Winchester 52D International Match small bore target rifle
Hello! I am new to this forum but would like to add something of interest to it. I enjoyed the older posts on when the 52 D was started and if or not it was a true International or clone as this has helped me to try to garner information about these icons in the target industry. I like my 52's (also like and collect Anschutz 1413 match 54's), but back to the 52. I have a 52B and a 52C and have just lately added a 52D International Match?, here is were the questions start. Serial # 106180 D and of course this comes back as 1961. It is out fitted in a pale laminated, what looks to be original thumb hole marksman style stock. It has been in storage for the last 44 years. I purchased it from the eldest son of one of the largest gun shops in Kamloops that ran from the late 50's to mid 80's. It originally belonged to this gentleman's dad who was the shop owner. He originally purchased it from the Winchester dealer rep. in 1963 or 64. Now I have know this gentleman personally since 1977 when I purchased my first 1413, shooting jacket and all the gear to go 3 position shooting. This gentleman also supplied the coaching and necessary tips that I needed. This man is honest and was a true collector. I have sold off some remarkable gear of his over the years a firearm shows. What I am trying to establish here is this fellows honesty. If that rifle was bought new from a Winchester dealer rep.with all the right measurements, barrel length, barrel diameter ,although it does weigh in more than it should be spec'd at. What the heck is it? Could it be some form of prototype for Robert did have that type of pull. The shop walls were covered with fancy wood Winchesters that he chose to display instead of selling. signed Rod
I thought the international was a 52E series. The 2 that i have seen had an E in the serial number . Both had a deep recessed crown a free rifle thumb hole stock , also all accesories like a palm rest hooked butt plate adjustable for length of pull full rail international sights etc. is this what the rifle looks like?
I agree with GerryM The acction will also be stamped wiht ab E.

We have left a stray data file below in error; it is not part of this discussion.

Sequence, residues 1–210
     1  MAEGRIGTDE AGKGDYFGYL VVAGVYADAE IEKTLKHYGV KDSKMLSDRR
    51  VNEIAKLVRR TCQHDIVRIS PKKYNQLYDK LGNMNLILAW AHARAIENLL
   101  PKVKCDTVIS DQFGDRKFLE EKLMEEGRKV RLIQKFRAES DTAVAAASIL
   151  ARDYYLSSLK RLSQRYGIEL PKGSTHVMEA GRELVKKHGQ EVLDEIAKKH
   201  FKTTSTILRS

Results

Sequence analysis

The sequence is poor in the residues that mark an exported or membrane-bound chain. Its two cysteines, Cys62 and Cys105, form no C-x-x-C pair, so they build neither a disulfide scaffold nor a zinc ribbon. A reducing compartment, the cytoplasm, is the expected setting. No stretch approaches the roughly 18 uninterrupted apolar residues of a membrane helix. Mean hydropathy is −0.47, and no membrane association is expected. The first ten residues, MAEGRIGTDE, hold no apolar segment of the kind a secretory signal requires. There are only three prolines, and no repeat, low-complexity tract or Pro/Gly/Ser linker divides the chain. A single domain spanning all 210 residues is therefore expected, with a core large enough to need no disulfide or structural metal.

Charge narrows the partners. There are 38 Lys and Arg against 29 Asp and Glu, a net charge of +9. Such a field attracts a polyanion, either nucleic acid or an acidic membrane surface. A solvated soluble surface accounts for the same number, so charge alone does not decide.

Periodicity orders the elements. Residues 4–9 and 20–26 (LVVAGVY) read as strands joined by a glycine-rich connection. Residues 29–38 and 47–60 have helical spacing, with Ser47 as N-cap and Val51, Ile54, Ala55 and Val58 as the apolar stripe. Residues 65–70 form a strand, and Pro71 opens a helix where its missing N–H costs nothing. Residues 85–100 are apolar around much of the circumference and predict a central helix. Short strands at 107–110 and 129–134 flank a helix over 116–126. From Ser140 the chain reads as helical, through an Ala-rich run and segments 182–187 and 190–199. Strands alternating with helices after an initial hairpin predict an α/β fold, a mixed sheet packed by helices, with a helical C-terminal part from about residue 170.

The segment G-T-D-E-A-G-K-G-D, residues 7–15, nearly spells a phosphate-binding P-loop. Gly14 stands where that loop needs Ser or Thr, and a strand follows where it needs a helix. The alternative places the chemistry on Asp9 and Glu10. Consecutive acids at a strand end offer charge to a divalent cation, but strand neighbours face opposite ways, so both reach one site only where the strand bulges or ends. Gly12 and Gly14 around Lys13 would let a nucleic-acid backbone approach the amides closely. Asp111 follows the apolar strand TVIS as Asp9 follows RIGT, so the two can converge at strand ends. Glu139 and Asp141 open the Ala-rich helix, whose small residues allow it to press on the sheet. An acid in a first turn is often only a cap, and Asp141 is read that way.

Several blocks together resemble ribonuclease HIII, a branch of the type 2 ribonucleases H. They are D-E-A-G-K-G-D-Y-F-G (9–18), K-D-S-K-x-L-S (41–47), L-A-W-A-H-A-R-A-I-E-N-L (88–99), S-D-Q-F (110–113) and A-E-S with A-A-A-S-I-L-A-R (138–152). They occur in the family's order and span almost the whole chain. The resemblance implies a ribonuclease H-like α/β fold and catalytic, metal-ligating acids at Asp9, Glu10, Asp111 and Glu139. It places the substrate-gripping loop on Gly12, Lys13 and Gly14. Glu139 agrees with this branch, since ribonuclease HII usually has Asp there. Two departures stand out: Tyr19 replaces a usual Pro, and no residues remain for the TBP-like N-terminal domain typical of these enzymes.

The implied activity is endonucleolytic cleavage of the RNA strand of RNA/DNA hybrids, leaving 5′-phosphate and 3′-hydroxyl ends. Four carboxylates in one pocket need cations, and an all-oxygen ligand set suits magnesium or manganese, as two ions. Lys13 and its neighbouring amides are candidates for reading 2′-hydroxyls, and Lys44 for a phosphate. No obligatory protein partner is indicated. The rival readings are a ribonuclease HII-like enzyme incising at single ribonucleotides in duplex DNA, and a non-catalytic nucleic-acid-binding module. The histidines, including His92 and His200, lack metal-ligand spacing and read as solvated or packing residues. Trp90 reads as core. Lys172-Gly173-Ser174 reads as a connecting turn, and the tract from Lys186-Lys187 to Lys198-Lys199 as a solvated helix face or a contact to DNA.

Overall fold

We're going back 50 years ago, I but believe there was a 52-D International Match. I upgraded my pre-A 52 around that time (it has a Titherington barrel), and couldn't find a 52 C International Match (4-position stock). I wound up with a slightly used D and a BalVar 6-24 scope for $300.00 I would have had to wait a couple years to use the scope -- at that time, juniors could shoot iron sights only. Had there been a 52E in 1962, I imagine I would have drooled over it...
Wikipedia seems to agree,
In point of fact, my old pre-A 52 would outshoot the D, until I recently put a Shilen barrel on it.
Actually, I'm glad for the Wikipedia information, because a number of the "International Match" rifles were made by Al Freeland, & we weren't always aware of the difference. So while there was a 52D International Match, apparently it wasn't offered by Winchester until 1969. Before that, you just got a Freeland stock & put it on yourself.
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1961 or so was also about the time the Anschutz was first making its appearance in the ranks of the junior shooters (it was expensive). I remember being horrified at how well they shot. Sharon Staggers & her brother Ron had Anschutz...but nobody had a crush on Ron...and besides, the Santori girls were equally worthy of crushes...& shot 52 C's...
I guess we don't get that these days, either.
Last edited by Charles E; 07-06-2012 at 10:43 PM.
Charles, I also have a pre A 52 and it is still a shooter. From what I could find using the serial number mine was made around 1935, five years before I was born.
Jerry, mine's 34,9XX.
Here is a couple links with a bit on George Titherington's rifles. Sadly, all mine had was rebarreling. But along with "G. Titherington Stockton Cal, the barrel is stamped with the action's serial number, so I know it's his fitting. And the receiver behind the left locking lug is not cracked (It's a Winchester, not a Titherington action).
(See the "Firing Lines" by Frank J. Taylor article)
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Glad you like yours. If, like mine, yours is no longer a valuable original, you could put a new barrel on it & have Don Stith (or someone like him) make up a BR sporter stock for you. It can be set up to make weight with a Shilen sporter profile barrel, BTW.
Like many HP shooters that I know, I bought a couple of the D models when they were offered by the CMP several years ago. Am still kicking myself for not getting 'on the ball' and getting one of the C models as well, but I should be - and am - happy to have what I've got. My first - and only - previous exposure to M52s was during a short stint at college in 1969, where I joined the campus rifle club for the princely sum of $10, and was therefore able to shoot a 52D whenever I had the time and/or desire at the indoor range in the basement of the ROTC building. IIRC, there was no additional charge for ammo or targets, and you could shoot as much as you wanted.